Synesius of Cyrene (c.370-c.413) was a Neo-Platonic philosopher who became bishop of Ptolemais in the Cyrenaica. He left behind a small corpus of texts that offer much information about daily life in Late Antiquity, and about the christianization of the Roman world.
Letter 59, written in 412, is offered here in the translation by A. Fitzgerald. It is the last of seven letters to Anysius, a Roman general, active in the Cyrenaica in 411-412, for whom Synesius felt great admiration, especially after the soldier had defeated the Libyan nomads. The bishop praised Anysius in the Constitutio and sent him several letters to him: 37, 94, 77, 78, 6, 14, and 59 (this one).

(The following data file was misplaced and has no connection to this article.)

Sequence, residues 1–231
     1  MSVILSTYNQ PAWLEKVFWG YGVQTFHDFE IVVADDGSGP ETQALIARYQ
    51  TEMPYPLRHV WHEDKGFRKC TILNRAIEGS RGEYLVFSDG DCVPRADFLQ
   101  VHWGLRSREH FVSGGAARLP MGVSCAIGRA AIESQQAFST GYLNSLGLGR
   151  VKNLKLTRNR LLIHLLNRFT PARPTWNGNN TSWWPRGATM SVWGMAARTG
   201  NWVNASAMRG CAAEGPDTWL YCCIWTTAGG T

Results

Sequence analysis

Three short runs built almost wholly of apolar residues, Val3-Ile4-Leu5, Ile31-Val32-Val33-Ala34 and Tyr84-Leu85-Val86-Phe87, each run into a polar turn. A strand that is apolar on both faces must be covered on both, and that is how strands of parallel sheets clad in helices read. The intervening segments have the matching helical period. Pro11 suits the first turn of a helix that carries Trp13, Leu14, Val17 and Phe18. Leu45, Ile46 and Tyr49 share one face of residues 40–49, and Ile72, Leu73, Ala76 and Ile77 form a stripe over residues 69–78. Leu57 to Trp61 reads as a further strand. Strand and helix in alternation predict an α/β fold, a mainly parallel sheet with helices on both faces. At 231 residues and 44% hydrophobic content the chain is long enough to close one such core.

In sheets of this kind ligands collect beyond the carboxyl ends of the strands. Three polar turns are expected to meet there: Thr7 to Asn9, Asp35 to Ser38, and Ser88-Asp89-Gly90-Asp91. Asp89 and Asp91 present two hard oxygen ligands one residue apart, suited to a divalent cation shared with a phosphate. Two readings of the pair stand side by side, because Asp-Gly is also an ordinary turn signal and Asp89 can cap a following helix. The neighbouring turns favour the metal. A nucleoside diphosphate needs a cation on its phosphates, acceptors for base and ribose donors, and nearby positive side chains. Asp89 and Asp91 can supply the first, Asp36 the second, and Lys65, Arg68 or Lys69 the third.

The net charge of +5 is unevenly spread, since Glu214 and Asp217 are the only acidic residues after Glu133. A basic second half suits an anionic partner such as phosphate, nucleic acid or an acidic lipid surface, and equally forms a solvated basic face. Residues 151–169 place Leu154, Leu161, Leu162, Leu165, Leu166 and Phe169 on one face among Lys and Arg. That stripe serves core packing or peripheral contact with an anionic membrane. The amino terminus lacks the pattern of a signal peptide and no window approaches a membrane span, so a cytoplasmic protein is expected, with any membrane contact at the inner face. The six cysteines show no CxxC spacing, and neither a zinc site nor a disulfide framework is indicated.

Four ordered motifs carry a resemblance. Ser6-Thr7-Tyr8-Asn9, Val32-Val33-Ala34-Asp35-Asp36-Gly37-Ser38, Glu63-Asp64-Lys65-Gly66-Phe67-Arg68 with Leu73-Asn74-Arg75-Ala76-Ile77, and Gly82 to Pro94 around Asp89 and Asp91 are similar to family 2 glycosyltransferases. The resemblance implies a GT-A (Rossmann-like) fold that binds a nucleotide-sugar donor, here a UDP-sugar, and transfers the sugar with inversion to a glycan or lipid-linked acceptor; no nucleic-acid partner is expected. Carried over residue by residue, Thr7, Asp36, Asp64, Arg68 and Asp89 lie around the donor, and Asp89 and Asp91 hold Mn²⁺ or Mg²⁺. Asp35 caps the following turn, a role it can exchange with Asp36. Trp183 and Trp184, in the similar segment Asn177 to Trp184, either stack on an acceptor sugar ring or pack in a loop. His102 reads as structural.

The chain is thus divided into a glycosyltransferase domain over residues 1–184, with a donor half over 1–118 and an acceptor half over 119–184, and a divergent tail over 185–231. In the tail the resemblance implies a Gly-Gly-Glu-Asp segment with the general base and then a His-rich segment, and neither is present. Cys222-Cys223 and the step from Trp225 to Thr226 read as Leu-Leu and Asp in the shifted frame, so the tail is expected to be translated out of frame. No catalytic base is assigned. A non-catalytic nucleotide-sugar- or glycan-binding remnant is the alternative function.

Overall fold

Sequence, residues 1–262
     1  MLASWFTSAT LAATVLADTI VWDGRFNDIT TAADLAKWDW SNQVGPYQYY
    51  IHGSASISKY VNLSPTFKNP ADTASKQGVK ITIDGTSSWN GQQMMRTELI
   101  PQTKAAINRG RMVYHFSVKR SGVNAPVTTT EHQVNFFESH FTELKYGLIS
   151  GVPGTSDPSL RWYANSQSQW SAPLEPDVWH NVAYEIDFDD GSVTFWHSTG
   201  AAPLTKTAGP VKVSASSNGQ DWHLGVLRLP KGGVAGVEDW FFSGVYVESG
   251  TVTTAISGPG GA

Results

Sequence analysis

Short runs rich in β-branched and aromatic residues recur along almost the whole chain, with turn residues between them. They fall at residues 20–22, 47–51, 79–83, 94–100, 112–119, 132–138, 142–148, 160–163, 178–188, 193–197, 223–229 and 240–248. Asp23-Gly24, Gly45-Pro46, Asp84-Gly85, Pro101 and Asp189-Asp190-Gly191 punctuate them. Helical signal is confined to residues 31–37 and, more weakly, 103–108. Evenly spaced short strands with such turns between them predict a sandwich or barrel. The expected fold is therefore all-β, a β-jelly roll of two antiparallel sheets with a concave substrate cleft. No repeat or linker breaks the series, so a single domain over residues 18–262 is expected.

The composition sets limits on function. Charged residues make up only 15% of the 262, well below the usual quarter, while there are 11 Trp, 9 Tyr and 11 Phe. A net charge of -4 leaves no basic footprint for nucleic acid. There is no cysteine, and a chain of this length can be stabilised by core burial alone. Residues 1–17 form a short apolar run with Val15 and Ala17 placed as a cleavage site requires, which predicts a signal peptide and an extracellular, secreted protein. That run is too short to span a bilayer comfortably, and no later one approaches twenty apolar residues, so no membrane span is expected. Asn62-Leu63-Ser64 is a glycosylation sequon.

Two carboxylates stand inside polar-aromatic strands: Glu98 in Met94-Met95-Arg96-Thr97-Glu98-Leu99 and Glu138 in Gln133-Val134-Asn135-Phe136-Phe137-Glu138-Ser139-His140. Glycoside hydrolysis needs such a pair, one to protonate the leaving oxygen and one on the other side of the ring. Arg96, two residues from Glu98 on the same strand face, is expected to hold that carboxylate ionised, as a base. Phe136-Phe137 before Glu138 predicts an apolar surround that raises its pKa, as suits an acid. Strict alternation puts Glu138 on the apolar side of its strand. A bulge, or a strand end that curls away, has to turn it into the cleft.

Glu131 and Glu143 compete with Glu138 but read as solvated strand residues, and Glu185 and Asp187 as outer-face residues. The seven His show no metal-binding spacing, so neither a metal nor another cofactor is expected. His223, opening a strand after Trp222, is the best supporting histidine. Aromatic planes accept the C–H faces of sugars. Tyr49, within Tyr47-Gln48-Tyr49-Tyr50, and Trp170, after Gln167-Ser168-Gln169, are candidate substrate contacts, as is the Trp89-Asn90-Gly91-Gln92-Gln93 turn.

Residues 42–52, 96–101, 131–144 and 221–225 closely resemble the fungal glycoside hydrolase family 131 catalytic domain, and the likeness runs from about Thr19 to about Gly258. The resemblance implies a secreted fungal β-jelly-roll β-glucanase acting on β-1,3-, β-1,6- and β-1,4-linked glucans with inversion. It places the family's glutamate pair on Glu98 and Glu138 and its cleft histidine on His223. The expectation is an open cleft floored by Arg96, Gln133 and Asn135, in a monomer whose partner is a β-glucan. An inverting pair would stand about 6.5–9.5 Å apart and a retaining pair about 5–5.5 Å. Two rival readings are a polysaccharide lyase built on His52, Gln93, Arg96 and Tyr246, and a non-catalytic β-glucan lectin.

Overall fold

Letter 59: A Recommendation
 To Anysius
The man to whom I have entrusted this letter is at heart a philosopher, but by profession a pleader at the bar. As long as Anysius was with us, and as long as Pentapolis existed, he continued to practice this profession in our country. The times since your departure have betrayed us to our enemies, and have brought a spell of tranquility in the law courts; so he has made up his mind to sail to another law court where a venal tongue, the pleader's stock-in-trade, makes the pleader known.
 Try to win for him the friendliness of a provincial governor. I call to witness the divinity who presides over our friendship, that anyone to whom your recommend him will be grateful to you, when he returns after making trial of him.